›December 9, 2015 // By Wilson Center Staff
Climate change is a very real threat. It will have major implications for every country and region in the world, but South Asia is particularly vulnerable. To appropriately address the challenges there, the world will have to confront four misconceptions about climate change in South Asia. With world leaders convening in Paris to hash out a new agreement on climate change, now is the right time to do it.
“Clean energy has gone from being the ‘right thing to do’ in combating climate change, to being the most cost-effective option for many energy-insecure countries,” said Carrie Thompson, deputy director of the U.S. Agency for International Development’s Regional Development Mission for Asia, during a day-long conference on renewable energy at the Wilson Center on October 27 (read part one of our coverage here).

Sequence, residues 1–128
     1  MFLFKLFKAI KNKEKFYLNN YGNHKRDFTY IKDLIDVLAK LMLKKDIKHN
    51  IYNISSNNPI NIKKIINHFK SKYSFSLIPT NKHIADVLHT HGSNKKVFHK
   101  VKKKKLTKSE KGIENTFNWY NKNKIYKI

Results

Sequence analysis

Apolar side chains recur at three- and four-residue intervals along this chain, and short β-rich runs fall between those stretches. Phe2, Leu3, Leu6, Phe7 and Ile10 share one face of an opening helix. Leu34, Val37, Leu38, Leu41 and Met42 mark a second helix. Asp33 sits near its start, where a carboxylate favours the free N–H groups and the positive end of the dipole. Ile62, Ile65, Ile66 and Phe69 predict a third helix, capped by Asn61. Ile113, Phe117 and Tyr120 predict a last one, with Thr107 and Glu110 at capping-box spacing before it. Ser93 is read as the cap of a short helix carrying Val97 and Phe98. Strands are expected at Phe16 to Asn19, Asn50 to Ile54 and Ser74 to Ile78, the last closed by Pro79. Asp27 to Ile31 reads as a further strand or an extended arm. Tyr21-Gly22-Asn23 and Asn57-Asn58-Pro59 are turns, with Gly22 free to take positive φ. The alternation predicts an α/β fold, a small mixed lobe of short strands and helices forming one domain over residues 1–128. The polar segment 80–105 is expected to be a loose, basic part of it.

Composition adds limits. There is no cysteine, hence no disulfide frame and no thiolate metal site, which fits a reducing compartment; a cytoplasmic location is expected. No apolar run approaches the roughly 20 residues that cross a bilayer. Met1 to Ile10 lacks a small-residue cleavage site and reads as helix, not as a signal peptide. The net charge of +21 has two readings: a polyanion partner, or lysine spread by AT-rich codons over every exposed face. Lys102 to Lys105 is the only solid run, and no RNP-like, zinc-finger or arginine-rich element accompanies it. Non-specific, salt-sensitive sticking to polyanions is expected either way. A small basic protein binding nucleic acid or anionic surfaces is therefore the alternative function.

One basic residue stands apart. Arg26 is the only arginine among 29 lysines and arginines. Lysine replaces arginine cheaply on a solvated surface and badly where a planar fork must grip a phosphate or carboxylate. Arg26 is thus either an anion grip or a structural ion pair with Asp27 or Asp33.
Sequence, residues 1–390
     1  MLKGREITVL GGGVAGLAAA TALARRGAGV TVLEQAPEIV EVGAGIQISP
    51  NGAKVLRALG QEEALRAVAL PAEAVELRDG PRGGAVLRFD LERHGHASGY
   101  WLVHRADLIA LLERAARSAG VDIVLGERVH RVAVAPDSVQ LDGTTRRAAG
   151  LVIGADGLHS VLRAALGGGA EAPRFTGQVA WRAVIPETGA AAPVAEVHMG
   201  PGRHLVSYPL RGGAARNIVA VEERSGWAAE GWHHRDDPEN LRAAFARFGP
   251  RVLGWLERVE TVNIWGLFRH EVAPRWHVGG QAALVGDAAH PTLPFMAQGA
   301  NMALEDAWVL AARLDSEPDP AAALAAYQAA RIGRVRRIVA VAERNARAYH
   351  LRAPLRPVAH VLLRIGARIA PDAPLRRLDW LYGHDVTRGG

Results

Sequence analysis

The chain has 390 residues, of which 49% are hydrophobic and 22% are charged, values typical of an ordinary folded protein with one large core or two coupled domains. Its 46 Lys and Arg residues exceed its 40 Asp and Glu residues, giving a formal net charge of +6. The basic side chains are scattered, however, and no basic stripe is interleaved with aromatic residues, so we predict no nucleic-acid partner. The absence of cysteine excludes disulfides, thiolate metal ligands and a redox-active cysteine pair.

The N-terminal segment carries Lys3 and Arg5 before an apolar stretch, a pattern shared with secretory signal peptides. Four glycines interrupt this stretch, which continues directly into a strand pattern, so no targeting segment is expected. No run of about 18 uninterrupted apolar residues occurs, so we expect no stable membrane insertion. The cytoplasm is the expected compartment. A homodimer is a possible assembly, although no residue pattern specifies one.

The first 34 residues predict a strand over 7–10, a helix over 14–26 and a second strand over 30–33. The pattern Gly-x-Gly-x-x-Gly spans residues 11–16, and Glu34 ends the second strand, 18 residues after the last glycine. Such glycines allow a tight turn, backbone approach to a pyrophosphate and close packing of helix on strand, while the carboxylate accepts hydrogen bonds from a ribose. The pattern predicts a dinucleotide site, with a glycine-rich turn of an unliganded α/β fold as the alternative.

The world has entered a new energy era. Last year, for the first time in four decades, the global economy grew without an increase in CO2 emissions, according to the Renewable Energy Policy Network for the 21st Century.
›October 11, 2012 // By Wilson Center Staff
Spend a day in Kathmandu, Nepal’s sprawling capital of four million people, and you’ll quickly notice what has long been a fact of life in this landlocked Himalayan country, and many other South Asian nations – no reliable electricity supply exists. Up to eight times a day, neighborhoods throughout the city suffer rolling power cuts due to load shedding, causing residents and businesses alike to either carry on in the darkness or rely on expensive, diesel-consuming generators to keep the lights on. Although the country’s civil war ended in 2006, carrying the promise of restored domestic stability and accelerated economic development, Nepal’s economy has remained hamstrung by an inconsistent energy supply, with only 40 percent of the population having access to electricity. This situation persists despite the fact that the country sits on top of a virtual goldmine – an estimated 80,000 megawatts (MW) of untapped hydroelectricity, of which it has harnessed a scant 700 MW.
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